Often, when school students learn about evolution, Darwin himself becomes almost a footnote.They might hear about Darwin’s postulates, setting out his understanding of how natural selection operates to shape the evolution of populations. They might also hear about ‘Darwin’s finches’ – the little Galapagos birds that supposedly gave him a eureka! moment. I suspect that in many cases, that’s it as far as Charles Darwin is concerned (although I’d love to be proved wrong!). And that’s such a pity.
It’s a pity because there’s so much more to science than simply learning a series of facts. Scientists aren’t simply walking repositories of factual information: they’re curious about the world & how it works; they show a healthy scepticism about unusual or unsupported claims; they think critically about their work; and they recognise the importance of evidence. Somehow we need to convey this to students, if they’re to truly understand the power & significance of science. And more than ever, we need those students to want to enter into science careers themselves – to see themselves as scientists. Both these ends can be served by talking, not just about the science, but also the people doing the science. Taking this sort of approach to teaching evolution can enhance people’s understanding of the subject, because it contextualises it, shows how the ideas were developed, & in fact shows the nature of science itself (e.g. Cobern, 1994).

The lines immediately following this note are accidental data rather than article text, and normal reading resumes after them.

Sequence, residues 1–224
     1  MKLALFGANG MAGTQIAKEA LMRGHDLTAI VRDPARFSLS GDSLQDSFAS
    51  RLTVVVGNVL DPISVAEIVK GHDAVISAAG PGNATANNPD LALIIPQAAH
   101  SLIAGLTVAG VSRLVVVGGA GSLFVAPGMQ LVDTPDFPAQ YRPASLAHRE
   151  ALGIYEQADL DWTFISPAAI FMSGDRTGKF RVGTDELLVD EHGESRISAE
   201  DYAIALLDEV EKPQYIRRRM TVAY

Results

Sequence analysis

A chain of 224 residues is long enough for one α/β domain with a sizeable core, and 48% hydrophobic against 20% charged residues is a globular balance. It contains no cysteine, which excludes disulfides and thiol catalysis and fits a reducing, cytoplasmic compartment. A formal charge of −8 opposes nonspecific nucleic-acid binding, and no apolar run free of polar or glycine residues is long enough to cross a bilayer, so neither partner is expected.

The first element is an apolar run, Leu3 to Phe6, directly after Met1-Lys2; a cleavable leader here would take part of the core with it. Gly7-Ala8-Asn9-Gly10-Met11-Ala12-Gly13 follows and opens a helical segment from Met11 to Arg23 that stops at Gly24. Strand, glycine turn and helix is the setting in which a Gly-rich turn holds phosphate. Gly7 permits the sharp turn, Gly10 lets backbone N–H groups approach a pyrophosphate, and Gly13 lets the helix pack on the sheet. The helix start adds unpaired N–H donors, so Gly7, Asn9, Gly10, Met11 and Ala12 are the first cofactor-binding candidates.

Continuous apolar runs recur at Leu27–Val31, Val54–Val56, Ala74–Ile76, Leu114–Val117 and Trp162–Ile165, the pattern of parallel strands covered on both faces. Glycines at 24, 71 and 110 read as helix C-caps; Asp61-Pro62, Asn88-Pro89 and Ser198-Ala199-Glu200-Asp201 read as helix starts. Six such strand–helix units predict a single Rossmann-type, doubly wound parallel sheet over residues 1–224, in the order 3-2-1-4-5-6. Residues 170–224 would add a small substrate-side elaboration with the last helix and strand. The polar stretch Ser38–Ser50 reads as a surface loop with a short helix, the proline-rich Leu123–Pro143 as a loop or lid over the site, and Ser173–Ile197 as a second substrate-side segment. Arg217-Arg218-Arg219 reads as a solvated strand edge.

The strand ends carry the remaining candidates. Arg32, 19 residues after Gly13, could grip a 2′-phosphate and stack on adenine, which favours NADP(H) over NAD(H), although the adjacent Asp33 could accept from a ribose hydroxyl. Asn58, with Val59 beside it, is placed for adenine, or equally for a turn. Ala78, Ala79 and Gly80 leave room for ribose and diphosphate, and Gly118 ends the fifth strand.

So, back to Charles Darwin. Perhaps the best-known images of him show a bearded old patriarch: elderly, dignified &, in those images, distant. Students might admire him, but would they want to emulate him? He’s up on a pedestal, untouchable. So we tend to forget that when he began the intellectual journey that led to the concept of descent with modification, by the process of natural selection, Darwin was a young man, at the height of his physical powers. And before that, a fairly ordinary boy: youngest-but-one in a large, loving family; prone to the usual stuff that kids do (including ‘doing chemistry’ in the garden shed with older brother Erasmus – as a result Charles’ schoolmates nicknamed him ‘Gas’); an average student who disliked maths & continued this dislike into his university years: I attempted mathematics, and even went during the summer of 1828 with a private tutor (a very dull man) to Barmouth, but I got on very slowly. The work was repugnant to me, chiefly from my not being able to see any meaning in the early steps in algebra. (But before any of you start thinking, well, Darwin didn’t like maths & seemed to do OK, so why should I bother – look at his subsequent comments: …in after years I have deeply regretted that I did not proceed far enough at least to understand something of the great leading principles of mathematics, for men thus endowed seem to have an extra sense. You really do need a bit of maths, if you’re intending to go on in science.) So a take-home message from this could be – see? ‘Ordinary people’ can also be great scientists.